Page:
Coffee, black, decaf and a little llama on the side

Three llamas and two camels have provided a way to tell whether your waiter swapped regular coffee for decaf in your after-dinner cup. Using the heat-resistant antibodies these camels and llamas make, researchers at Washington University School of Medicine in St. Louis are developing a quick test for caffeine that works even with hot beverages.

The researchers plan to adapt their technology to a simple test (“dipstick”) that can be used to check for caffeine in a variety of drinks. Their research will appear in the June 1 issue of the American Chemical Society’s journal Analytical Chemistry.

Caffeine can cause restlessness, irritability, dehydration or heart arrythmias, and those who are highly sensitive to caffeine can feel its stimulant effects for as long as 20 hours. In addition, some medicines adversely interact with caffeine.

“We believe our test would be the first consumer test for caffeine and would be beneficial for anyone wishing to avoid caffeine for health or personal reasons,” says senior author Jack H. Ladenson, Ph.D., the Oree M. Carroll and Lillian B. Ladenson Professor of Clinical Chemistry and director of the Division of Laboratory Medicine.

Interestingly, the key to the caffeine test comes from llamas and camels — pack animals that have transported caffeinated commodities such as coffee, tea and cocoa for centuries. These camelids happen to be among the few creatures whose immune systems can produce antibodies that aren’t destroyed at the high temperatures common to brewed beverages.

The researchers reasoned that if they could create heat-resistant camelid antibodies that reacted to caffeine, they could potentially build a durable assay suitable for use almost anywhere. They gave intramuscular injections of a caffeine-linked protein to three llamas and two camels to elicit an immune response to caffeine. They found that blood from the animals contained antibodies that were heat-stable and reactive to caffeine.

The most stable version of the caffeine-specific antibody, which came from a llama named Very Senorita, recovered 90 percent of its activity after exposure to 194 degrees Fahrenheit (90 degrees centigrade) — about the temperature of a really hot cup of coffee. A similar antibody produced from mice broke down at 158 degrees Fahrenheit.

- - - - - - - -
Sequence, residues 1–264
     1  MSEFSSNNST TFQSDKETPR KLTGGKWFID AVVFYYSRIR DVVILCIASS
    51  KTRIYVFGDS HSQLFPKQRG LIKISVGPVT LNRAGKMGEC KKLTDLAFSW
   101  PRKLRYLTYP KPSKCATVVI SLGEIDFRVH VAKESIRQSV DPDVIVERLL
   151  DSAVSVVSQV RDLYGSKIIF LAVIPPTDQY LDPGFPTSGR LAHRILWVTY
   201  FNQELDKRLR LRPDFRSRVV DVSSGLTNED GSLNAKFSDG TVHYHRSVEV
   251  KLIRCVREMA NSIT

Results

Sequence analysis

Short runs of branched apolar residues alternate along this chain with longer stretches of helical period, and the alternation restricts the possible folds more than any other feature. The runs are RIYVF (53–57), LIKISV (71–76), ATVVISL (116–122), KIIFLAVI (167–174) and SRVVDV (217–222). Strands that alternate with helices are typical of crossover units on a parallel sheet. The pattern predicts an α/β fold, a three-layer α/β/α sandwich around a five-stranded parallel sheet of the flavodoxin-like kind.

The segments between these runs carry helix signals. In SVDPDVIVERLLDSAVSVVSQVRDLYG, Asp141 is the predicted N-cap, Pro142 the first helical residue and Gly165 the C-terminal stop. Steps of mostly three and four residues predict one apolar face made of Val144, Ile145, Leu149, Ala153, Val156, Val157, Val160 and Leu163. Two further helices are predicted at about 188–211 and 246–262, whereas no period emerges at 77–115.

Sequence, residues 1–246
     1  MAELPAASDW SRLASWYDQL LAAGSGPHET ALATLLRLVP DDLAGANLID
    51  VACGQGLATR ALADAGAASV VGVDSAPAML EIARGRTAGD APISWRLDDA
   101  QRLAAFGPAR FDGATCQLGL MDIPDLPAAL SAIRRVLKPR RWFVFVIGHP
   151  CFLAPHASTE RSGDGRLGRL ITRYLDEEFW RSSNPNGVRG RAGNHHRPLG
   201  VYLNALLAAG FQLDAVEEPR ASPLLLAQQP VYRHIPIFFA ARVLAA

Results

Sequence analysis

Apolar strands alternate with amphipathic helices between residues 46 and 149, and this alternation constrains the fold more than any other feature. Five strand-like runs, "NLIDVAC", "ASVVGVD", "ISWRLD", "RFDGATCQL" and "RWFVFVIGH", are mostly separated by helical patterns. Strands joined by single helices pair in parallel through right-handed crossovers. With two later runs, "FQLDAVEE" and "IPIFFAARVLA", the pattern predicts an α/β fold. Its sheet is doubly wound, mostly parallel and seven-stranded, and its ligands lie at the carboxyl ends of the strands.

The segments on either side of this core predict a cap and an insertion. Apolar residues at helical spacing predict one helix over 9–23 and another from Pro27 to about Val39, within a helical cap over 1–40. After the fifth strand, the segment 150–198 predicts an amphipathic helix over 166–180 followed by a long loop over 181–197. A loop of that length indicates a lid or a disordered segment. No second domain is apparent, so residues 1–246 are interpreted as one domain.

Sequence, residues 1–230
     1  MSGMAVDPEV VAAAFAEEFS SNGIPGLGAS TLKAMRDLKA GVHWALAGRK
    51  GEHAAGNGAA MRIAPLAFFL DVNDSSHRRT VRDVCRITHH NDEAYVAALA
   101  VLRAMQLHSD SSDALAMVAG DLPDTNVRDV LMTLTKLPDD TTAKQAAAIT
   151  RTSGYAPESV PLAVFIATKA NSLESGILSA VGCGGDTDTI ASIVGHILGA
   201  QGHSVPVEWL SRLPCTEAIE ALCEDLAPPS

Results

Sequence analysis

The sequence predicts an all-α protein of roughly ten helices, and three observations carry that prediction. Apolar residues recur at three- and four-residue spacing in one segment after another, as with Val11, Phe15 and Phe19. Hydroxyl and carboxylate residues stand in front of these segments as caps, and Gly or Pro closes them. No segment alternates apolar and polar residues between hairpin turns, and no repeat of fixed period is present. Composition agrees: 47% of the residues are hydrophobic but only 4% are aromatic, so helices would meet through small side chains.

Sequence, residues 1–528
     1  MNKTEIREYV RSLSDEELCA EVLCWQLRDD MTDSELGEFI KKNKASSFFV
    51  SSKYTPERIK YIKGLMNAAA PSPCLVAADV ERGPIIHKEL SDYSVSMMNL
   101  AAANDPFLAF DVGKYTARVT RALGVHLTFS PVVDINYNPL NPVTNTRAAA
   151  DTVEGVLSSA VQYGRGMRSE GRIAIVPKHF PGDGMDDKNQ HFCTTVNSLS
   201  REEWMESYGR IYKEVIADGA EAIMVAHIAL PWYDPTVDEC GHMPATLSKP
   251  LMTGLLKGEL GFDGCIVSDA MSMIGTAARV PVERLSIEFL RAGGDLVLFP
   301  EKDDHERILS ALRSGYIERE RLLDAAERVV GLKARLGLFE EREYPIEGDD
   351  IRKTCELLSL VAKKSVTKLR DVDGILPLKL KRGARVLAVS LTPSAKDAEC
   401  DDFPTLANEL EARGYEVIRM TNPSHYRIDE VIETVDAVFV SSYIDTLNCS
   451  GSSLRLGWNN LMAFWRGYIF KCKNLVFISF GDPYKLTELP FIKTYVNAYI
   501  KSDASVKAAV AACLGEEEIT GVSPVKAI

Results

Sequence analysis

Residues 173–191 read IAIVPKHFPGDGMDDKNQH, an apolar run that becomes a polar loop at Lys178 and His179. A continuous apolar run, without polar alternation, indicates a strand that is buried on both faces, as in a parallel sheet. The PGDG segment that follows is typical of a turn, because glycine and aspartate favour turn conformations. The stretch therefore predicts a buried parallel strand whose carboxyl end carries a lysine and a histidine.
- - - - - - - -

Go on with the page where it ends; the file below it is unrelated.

A lab test using the caffeine-specific antibody accurately measured the amount of caffeine in coffee and cola drinks. The antibody cross-reacted very little with theophylline or theobromine, the caffeine-like compounds in teas, so the caffeine content of teas could be measured without interference from these substances.

“Now that we’ve isolated the sequence of this stable anti-caffeine antibody, we can produce copies in the lab to develop a convenient caffeine test–we don’t need to rely on the animals,” Ladenson says. “And unlike other methods for measuring caffeine, which require large and expensive laboratory equipment, this test is potentially adaptable to a format that people could carry with them,”

An eight-ounce cup of regular coffee has about 80 to 280 milligrams of caffeine, and a similar-sized cup of black tea can vary from 60 to 100 milligrams, depending on brewing time. Cola drinks, both diet and regular, typically contain between 30 to 50 milligrams of caffeine in each 12-ounce can, while high-caffeine sodas can have as much as 80 milligrams per can. In comparison, decaffeinated coffee generally has only about 5 milligrams of caffeine.

The caffeine test has shown accuracy that compares well with measurements made with sophisticated equipment. Ladenson and his colleagues are currently working to develop a portable, point-of-consumption test.

Ladenson’s laboratory is well-known for having developed the first practical blood test for troponin I, a protein that is released into the blood after a heart attack. This test, along with a test for a form of the enzyme creatine kinase that was also developed in Ladenson’s lab, is widely used to determine whether patients with certain symptoms have had a heart attack.

From Washington University School of Medicine

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